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Heart Disease in Women: Symptoms, Causes and Treatment

7 min read

By Clarissa Vanner

Medically Reviewed by Patty Weasler, RN
  • Heart disease is a term that refers to several conditions that affect your heart, blood vessels, or both.
  • Though both men and women are born with a cardiovascular system, there are some notable differences that can affect how men and women experience heart disease.
  • The signs of heart disease can differ in men and women too so it’s important to get informed.

It’s a common misconception that heart disease mostly affects men. But the fact is, almost as many women as men pass away each year due to heart disease. Heart disease can also affect women of all ages and ethnicities. Yet, many women don’t realize they’re at risk.

The best way to protect your health is by getting informed. Follow along as we take a look at everything you need to know about heart disease in women, including the early warning signs, how it differs in men and women, the risk factors, and what you can do today to protect your heart.

What Is Heart Disease?

Heart disease, also known as cardiovascular disease, is a term that refers to several conditions that affect your heart, blood vessels, or both. Some of these include coronary artery disease, peripheral artery disease, heart attack, arrhythmia, congestive heart failure, coronary vasospasm, and coronary microvascular disease.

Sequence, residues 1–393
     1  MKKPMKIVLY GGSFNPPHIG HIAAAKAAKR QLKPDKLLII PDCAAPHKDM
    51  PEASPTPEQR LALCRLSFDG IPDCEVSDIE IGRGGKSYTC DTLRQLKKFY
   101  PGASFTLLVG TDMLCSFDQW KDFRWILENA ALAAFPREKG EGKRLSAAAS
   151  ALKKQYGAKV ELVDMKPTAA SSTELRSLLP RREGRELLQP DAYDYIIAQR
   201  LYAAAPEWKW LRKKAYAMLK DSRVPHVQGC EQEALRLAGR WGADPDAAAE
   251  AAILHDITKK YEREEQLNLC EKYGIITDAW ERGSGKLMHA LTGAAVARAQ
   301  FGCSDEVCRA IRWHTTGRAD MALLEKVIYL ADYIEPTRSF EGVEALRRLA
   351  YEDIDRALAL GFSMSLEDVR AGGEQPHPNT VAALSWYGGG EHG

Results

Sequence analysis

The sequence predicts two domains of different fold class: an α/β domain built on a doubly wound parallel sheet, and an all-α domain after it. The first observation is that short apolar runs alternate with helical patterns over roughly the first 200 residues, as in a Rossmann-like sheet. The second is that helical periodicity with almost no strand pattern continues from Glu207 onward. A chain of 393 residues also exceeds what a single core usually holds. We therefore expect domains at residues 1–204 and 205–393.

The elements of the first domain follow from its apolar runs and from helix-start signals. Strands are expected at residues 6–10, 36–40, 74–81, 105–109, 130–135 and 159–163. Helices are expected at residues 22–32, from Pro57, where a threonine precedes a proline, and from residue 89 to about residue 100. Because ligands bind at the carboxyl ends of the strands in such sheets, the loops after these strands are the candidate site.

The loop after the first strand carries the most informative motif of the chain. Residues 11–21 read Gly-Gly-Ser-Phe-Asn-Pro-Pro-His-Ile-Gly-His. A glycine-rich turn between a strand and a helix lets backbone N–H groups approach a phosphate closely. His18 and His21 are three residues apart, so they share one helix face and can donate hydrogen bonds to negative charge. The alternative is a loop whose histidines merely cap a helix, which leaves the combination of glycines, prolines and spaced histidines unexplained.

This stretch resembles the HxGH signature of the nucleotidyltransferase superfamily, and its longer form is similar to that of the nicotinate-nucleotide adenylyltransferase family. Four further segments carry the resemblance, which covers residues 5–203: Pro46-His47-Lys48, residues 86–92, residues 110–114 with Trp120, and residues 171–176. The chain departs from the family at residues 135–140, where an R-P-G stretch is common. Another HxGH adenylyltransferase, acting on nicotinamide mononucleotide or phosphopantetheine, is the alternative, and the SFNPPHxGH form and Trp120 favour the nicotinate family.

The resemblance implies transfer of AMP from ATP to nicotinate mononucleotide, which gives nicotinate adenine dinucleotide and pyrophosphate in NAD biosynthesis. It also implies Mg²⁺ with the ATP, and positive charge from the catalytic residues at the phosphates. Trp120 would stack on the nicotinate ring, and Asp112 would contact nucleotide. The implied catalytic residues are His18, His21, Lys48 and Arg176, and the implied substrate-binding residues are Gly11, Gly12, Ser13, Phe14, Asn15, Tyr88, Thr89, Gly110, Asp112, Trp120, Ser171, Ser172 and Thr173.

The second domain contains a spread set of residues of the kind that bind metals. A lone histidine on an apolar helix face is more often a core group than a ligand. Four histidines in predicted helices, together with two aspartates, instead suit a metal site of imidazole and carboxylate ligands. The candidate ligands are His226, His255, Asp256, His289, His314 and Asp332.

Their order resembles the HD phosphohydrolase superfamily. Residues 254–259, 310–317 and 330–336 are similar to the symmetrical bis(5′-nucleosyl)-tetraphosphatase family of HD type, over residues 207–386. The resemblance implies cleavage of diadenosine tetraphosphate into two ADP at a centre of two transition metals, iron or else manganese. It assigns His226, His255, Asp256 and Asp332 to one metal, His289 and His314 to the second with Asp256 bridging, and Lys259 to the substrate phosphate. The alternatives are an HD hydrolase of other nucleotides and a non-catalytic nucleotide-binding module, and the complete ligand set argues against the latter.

Heart disease can develop slowly over time, quickly after a heart attack, or it may develop from structural problems with the heart before birth (known as congenital heart disease). According to the Centers for Disease Control and Prevention (CDC), 1 in 16 women aged 20 and older have coronary heart disease, however, your risk greatly increases as you grow older. In fact, the CDC says that heart disease is the leading cause of fatality in women in the U.S.

Why Heart Disease Is a Serious Risk for Women

The Cleveland Clinic points out that many women don’t realize they are at greater risk of heart disease than breast cancer.. Though breast cancer is still a risk, and it’s important to stay informed, the source says women are seven times more likely to pass away from heart disease than breast cancer. So why is heart disease a serious risk?

Heart disease is a serious risk because many women tend to brush it off as a disease that mostly affects men. This can prevent women from taking steps to reduce their risk. It simply comes down to being uninformed.

How the Cardiovascular System Differs in Men and Women

Though both men and women are born with a cardiovascular system, the Cleveland Clinic says there are some notable differences that can affect how men and women experience heart disease. For starters, the source says the anatomy is different, in that women have smaller blood vessels and heart chambers. The walls of the ventricles are also thinner in women.

Additionally, women have fewer red blood cells, which means women can’t carry as much oxygen. The source also notes that women are more likely to have sudden drops in blood pressure and the hormones women produce can also impact heart health.

Early Warning Signs of Heart Disease in Women